Seven out of ten Oregonians live within 20 miles of the banks of the Willamette River.
The McKenzie River Trust (MRT) understands the importance of the river to Oregonians, and decided to undertake a massive restoration effort in the Willamette floodplain.
“It truly is a living river,” said Joe Moll, executive director of the McKenzie River Trust. “Not just for salmon and bald eagles and frogs, but for people too.”
The site of the project is the 1,100-acre Green Island north of Eugene. A series of three gravel ponds were left over after decades of mining where the Willamette and McKenzie rivers meet. For five years, MRT has worked to turn these pits—which isolated fish and wildlife—into a more natural landscape with half a mile of connected floodplain habitat.
“It’s already paying off,” Moll said. Without the restoration, ponds would remain detached. “Today, with heavy rains in winter, the ponds fill up and empty much more naturally.”
The change is good news for fish and other wildlife, which need seasonal flooding to connect the landscape back to the larger Willamette river system. And in turn, the restoration adds to the natural fluidity—and meander—of Oregon’s most populated river.
Learn more: http://www.mckenzieriver.org
Dan Bell spent years planning, walking the banks and pouring over maps of the area. He knew it well. Until he didn’t.
“Pulling up to something so familiar—that I’ve seen hundreds of times—and finding myself disoriented because so much has shifted with the restoration was amazing,” he said. “It gave me goose bumps, in a good way, to be lost in a place I knew so well.”
In 2010, The Nature Conservancy (TNC) purchased 1,270 acres of property where the Middle and Coast forks of the Willamette River join, east of Eugene. Since then, Bell, the Willamette Basin conservation director for TNC, and staff have been restoring and reconnecting historic river channels.
The Willamette Confluence project has 14 ponds that were a result of area gravel mining—and several ponds have now been reconnected to the river. Work involved 3D mapping of the riverbed, engineering and transformation on the ground. Earth moving equipment sculpted the space, habitat log jams were brought in (downed trees make great habitat for young fish) and over 200,000 trees and shrubs were planted.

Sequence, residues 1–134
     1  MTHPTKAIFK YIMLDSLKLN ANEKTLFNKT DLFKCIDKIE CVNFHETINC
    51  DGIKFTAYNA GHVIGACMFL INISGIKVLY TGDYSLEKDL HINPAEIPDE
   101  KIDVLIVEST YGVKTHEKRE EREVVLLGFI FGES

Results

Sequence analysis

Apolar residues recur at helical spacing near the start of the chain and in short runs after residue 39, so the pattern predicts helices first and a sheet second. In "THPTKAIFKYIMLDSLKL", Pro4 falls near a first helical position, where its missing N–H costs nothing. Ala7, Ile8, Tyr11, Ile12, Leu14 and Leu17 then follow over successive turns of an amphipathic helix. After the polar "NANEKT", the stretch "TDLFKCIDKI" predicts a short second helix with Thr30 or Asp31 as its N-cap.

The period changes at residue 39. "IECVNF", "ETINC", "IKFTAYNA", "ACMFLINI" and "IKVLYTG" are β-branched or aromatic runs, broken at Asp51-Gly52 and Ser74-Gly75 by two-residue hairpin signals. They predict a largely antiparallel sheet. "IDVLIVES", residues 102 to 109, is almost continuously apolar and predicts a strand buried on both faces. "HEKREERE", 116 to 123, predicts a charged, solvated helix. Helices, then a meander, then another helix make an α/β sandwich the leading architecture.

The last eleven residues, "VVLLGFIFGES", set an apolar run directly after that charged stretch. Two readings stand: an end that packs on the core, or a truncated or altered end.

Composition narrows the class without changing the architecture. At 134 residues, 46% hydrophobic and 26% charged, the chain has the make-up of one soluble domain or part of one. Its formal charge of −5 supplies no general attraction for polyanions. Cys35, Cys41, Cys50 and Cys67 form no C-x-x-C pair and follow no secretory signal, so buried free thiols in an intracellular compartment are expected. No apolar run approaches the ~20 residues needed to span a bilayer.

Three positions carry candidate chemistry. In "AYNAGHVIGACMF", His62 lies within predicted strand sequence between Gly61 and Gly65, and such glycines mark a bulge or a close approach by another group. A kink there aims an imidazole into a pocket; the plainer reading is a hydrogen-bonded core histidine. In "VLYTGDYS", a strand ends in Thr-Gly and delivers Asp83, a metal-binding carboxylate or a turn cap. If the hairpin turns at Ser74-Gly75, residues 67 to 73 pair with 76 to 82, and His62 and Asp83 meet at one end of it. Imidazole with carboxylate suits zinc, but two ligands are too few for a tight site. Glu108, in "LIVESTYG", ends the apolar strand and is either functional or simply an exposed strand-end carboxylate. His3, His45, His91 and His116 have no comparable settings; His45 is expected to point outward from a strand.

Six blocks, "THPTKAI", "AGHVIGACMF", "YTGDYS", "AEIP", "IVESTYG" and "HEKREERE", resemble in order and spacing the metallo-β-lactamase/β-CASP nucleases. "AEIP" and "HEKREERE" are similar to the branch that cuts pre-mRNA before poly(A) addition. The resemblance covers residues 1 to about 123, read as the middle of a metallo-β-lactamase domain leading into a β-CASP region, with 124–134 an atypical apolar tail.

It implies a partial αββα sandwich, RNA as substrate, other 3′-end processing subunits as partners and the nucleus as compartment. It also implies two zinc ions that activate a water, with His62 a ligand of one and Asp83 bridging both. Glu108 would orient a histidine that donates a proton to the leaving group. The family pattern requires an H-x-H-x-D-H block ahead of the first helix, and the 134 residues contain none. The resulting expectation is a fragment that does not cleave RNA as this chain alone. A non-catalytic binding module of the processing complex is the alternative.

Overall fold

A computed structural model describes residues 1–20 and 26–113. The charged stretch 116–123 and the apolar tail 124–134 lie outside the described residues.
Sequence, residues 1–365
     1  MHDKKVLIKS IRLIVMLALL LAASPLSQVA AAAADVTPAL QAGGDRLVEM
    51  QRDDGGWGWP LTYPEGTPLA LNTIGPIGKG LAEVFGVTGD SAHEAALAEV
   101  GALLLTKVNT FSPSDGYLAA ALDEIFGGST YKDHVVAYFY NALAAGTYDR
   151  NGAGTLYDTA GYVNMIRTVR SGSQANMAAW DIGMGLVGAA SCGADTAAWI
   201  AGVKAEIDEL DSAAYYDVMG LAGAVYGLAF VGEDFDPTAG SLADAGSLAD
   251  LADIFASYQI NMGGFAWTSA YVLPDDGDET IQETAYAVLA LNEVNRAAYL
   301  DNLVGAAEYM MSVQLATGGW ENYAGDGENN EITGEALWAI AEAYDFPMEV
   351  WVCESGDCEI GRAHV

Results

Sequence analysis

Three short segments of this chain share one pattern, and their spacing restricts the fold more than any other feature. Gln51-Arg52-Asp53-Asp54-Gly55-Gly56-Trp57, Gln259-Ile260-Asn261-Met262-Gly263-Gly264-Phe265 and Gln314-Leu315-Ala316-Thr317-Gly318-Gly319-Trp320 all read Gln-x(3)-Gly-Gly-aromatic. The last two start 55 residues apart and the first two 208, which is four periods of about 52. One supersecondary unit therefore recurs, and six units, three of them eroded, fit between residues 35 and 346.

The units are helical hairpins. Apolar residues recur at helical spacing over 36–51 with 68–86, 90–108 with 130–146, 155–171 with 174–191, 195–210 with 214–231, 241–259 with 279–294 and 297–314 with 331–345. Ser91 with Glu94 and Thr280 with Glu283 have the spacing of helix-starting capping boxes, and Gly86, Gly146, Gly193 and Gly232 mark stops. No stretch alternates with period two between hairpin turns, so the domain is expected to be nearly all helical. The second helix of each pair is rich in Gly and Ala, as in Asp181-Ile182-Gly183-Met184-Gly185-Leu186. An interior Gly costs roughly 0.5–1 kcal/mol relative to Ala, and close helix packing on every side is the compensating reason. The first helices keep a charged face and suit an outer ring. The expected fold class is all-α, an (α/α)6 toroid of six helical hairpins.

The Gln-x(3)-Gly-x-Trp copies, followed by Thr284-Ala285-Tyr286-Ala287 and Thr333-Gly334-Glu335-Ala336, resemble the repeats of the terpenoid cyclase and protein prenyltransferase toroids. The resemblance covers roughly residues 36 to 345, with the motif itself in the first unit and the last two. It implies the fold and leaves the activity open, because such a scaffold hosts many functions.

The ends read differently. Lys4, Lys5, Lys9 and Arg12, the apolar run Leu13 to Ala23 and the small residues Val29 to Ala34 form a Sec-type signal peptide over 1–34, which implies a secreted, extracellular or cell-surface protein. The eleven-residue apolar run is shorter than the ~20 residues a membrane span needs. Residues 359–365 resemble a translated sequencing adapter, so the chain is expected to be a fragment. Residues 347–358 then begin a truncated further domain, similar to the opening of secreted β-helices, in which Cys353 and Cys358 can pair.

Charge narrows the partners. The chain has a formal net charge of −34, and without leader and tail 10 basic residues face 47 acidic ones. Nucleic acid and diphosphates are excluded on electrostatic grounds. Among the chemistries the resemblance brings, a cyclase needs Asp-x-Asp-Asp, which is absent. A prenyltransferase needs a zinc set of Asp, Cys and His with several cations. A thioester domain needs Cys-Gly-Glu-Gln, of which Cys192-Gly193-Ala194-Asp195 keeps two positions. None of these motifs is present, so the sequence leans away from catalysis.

The first fish survey was a testament to the work—population numbers began to rise. With such positive response here and at the MRT property just downstream, Bell sees the organizations as mentors to other groups doing similar work around the globe. “The immediate and obvious impact to the space is impressive,” Bell said. “My old maps are maps for what’s now under water. And that’s a great feeling.”
Rivers naturally meander, braid and move. Since the 1850s, changes to the Willamette River have confined it to distinct banks, disconnecting it from its natural floodplain and side channels. These connections are critical, as they help keep drinking water clean, help flood control and provide habitat for native fish and wildlife.
Gravel mining along the river has turned the traditional side channels into isolated pits and ponds. In the Willamette Basin alone, over 300 of these gravel pits exist. The Nature Conservancy and the McKenzie River Trust are restoring such sites—and they’re the first organizations nationwide to do so.
“Gravel pits from mining dot the landscape up and down the Willamette and many other Oregon rivers,” said Joe Moll, executive ELD director of the McKenzie River Trust. “Even so, very few organizations have begun to tackle the restoration. These projects are breaking new ground, and we’re collaborating and learning from each other.”